Meet the Fellows: 2016 Newcombe Fellow Natasha Mikles
This is one of a series of posts featuring Fellows from the Woodrow Wilson Foundation network.
The Charlotte W. Newcombe Doctoral Dissertation is the nation’s largest and most prestigious award for Ph. D. candidates in the humanities and social sciences addressing questions of ethical and religious values. The 2016 class of Fellows includes Natasha Mikles, a doctoral candidate in religious studies at the University of Virginia. Ms. Mikles recounts how a trip to Tibet solidified the importance of narrative in her work:
After two full days of driving from the nearest city—including a final three hours on unpaved road with so many bumps that I feared a concussion from the number of times my head hit the roof of the Jeep—I arrived at the small Buddhist temple marking the place of warrior King Gesar’s birth. While many other locales were claimed to be the true birthplace of King Gesar, I wasn’t there to determine historic fact from enthusiastic local fiction. I was there to see firsthand the power of stories.
The power was out—not surprising given the remoteness of the temple—but a young monk led me into the main hall and used his flashlight to illuminate the faces of the statues around me; I was surrounded by ceramic and metal likenesses of King Gesar and his thirty warriors so large they took my breath away. Barely visible in the pale light, each statue had in front of it small piles of offerings—a scarf, a piece of fruit, a bottle of liquor. An old woman walked in behind me, carrying a snow-white offering scarf to place before the statue of the King that stood at the front of the hall. In the courtyard behind me, I heard two young boys throwing rocks at each other, arguing over which one was Gesar and which was the evil demon king. In that moment surrounded by the statues, the offerings, and the children’s play, I realized that stories are so much more than mere entertainment. I could study all the philosophical treatises on Buddhist thought and doctrine I wanted, but if I neglected to study these popular narratives that shape people’s lives and helped them make sense of the world, I risked missing an encounter with the beating heart of the Tibetan Buddhist tradition.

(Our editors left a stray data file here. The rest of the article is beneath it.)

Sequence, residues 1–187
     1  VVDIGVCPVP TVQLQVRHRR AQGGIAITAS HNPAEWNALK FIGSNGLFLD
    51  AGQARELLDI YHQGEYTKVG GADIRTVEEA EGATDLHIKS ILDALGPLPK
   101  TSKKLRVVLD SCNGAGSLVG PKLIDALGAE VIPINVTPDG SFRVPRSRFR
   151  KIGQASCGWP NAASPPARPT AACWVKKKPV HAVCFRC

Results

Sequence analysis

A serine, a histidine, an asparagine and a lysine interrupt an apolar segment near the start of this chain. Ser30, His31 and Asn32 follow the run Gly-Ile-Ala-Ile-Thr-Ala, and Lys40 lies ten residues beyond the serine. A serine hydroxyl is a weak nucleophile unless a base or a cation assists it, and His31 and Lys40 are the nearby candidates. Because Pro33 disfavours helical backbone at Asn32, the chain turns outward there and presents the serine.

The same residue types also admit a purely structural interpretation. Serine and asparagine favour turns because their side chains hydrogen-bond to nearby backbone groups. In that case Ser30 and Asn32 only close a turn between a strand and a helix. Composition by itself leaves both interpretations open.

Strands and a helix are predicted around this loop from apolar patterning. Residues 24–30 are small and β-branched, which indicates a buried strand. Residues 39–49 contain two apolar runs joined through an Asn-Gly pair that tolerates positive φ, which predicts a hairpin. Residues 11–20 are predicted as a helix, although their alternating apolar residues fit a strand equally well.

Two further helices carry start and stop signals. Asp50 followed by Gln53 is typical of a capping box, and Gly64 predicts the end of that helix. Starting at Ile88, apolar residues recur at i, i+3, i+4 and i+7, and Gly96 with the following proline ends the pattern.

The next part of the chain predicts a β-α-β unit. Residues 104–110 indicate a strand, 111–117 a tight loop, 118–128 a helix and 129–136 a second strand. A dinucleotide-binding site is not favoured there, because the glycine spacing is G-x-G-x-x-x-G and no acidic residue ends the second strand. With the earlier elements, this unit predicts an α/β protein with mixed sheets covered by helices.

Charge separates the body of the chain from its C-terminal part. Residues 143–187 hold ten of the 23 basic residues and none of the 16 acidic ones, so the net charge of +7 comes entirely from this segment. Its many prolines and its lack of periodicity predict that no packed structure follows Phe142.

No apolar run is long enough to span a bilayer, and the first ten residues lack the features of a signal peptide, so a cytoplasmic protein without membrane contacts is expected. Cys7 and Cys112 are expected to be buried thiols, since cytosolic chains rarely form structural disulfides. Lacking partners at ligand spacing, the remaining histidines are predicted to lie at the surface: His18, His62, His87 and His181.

Ms. Mikles’ dissertation title is The Taming of the King: Nyingma Ethical Revitalization and the Gesar Epic in Early Modern Tibet. For more information on the 2016 Newcombe Fellows and to see a list of their dissertation titles, click here.